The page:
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Company FDs vs Liquid Funds – Which Should You Opt for?

Company FDs vs Liquid Funds – Which Should You Opt for?

Last Updated : May 30, 2019, 2:54 p.m.

As per the latest reports, Dewan Housing Finance Limited (DHFL) has stopped accepting fresh inflows in fixed deposits from the public. Not only that, the housing finance major has also disallowed renewals and put premature withdrawal from FDs on hold. Withdrawals are permitted only during medical emergencies. Market experts feel the action taken by DHFL could be replicated by other Housing Finance Companies (HFCs) and non-banking finance companies (NBFCs) as well. Fixed deposits offered by these entities come under the category of company FDs, which are different from fixed deposits that are there at banks.

The noteworthy point is that the debt portion of several HFCs and NBFCs has become risky over the past one year. In addition, some of these companies are struggling with weak financials. All this and more raises a question mark over whether one should go with company FD or look for other alternatives such as liquid funds that offer enhanced liquidity to the investors. Let’s check out here the differences between company FD & liquid funds and find out which is a better option.

Differences Between Company FDs & Liquid Funds

The table below weighs company FDs and liquid funds on different aspects.

Investment Aspects Company FDs Liquid Funds
Returns Can offer greater returns Can offer comparatively lower returns
Liquidity Low liquidity High liquidity
Holding Period Up to 5 Years As long as you want to hold them
Investment Modes Lump sum Lump sum and systematic investment plan (SIP)
Risk Riskier as the deposits are not secured against the company assets. The risk prevails on both interest and principal repayments Risk is on the lower side as the money is invested in instruments having short maturities
Taxation TDS at 10% is deducted if the interest earned exceeds ₹5,000 in a financial year Capital gain tax at 20% with indexation benefits on redeeming the units after 3 years

What is a Company Fixed Deposit?

HFCs and NBFCs raise money by issuing fixed deposits to the public. The money helps the company manage its working capital requirements and expand its operation.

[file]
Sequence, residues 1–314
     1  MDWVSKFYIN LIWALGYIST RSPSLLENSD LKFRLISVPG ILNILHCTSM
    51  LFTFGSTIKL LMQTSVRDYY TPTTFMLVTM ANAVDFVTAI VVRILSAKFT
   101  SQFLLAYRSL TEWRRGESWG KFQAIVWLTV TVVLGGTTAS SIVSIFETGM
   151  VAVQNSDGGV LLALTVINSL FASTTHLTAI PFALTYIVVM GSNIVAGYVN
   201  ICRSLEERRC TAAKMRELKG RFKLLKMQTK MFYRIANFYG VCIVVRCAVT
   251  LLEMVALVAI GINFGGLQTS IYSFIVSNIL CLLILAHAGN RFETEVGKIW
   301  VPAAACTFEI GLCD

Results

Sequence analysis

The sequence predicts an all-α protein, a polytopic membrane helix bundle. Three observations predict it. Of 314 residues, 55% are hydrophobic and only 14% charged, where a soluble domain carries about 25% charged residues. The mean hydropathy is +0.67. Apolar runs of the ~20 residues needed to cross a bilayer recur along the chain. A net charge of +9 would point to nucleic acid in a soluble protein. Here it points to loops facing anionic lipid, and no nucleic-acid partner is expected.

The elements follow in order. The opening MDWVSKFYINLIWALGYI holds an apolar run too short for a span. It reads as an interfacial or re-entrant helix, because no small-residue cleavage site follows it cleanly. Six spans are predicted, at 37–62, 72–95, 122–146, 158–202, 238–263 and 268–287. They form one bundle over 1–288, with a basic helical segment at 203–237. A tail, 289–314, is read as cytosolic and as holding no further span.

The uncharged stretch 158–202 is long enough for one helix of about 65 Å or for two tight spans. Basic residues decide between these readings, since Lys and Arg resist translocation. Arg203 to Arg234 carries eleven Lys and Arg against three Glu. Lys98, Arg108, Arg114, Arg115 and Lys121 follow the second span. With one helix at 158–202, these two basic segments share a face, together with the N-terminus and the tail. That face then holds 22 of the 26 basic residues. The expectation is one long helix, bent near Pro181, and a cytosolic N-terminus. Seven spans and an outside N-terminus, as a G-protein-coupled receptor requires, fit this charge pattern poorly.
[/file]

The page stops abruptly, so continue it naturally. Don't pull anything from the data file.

What is a Liquid Fund?

Liquid fund is a part of debt mutual funds that invests primarily in money-market instruments having a short-term maturity of up to 91 days. These instruments include treasury bills, certificates of deposit, commercial paper, etc.

Where Should You Invest a Large Corpus – Company FD or Liquid Fund?

Even though company FDs offer scope for greater returns, investing a large corpus in the same can pose serious risks to the investors. The default risks in interest and principal repayment make it a challenging affair for those investing a huge chunk in company FDs. You can thus choose Liquid funds that are relatively safer.

Indexation Benefit Tilts the Game Further in Favour of Liquid Funds

The table above showed the indexation benefits for those redeeming the liquid fund units after 3 years. You must be interested to know what these indexation benefits are all about, right? Well, the indexation takes into account the Cost Inflation Index (CII) to inflate the purchase price.

CII for different financial years is fixed by the government. The inflation-adjusted purchase price is obviously a lot higher than the amount you must have invested to buy the fund units. When the inflation-adjusted purchase cost is deducted from the sale value, the capital gain that arrives is an inflation-adjusted one. This further results in reducing the tax liability.

Formula for Indexed Cost of Acquisition

Indexed Cost = (CII for the year in which the fund units are sold/CII for the year in which the units were purchased) x purchase cost

So you bought 10,000 units of liquid funds worth ₹1,50,000 in March 2012 and sold all the units for a sum of ₹2,50,000 in April 2015. In that case, it will be considered as long-term capital gain as the units were held for more than 3 years. CII for FY 2011-12 and FY 2015-16 are 785 and 1081.

Indexed Cost = (1081/785) x 1,50,000 = ₹2,06,560.51 (approx.)

Long-term capital gains with indexation = Sale Value-Indexed Cost of Acquisition
= ₹2,50,000-₹2,06,560.51
= ₹43,439.49 (approx.)
Long-term capital gain tax with indexation = ₹8,687.90 (approx.) (20% of 43,439.49)

Long-term capital gains without indexation = Sale Value-Cost of Purchase
= ₹2,50,000-1,50,000
= ₹1,00,000
Long-term capital gain tax without indexation = ₹20,000 (20% of 1,00,000)


Company FDs can offer more returns than liquid funds. But given the default risks and less tax efficiency, it would be better to avoid investing in them. Instead, one should look to invest in liquid funds and enjoy the liquidity and indexation benefits that they are known to offer.

However, if you still want to invest in company FDs, make sure to put the money in fixed deposits of those entities having assigned a credit rating of AAA or AA by agencies such as CRISIL, ICRA, CARE, etc. Investing in FDs of companies having such credit rating can make your capital safer but the returns won’t be that high.

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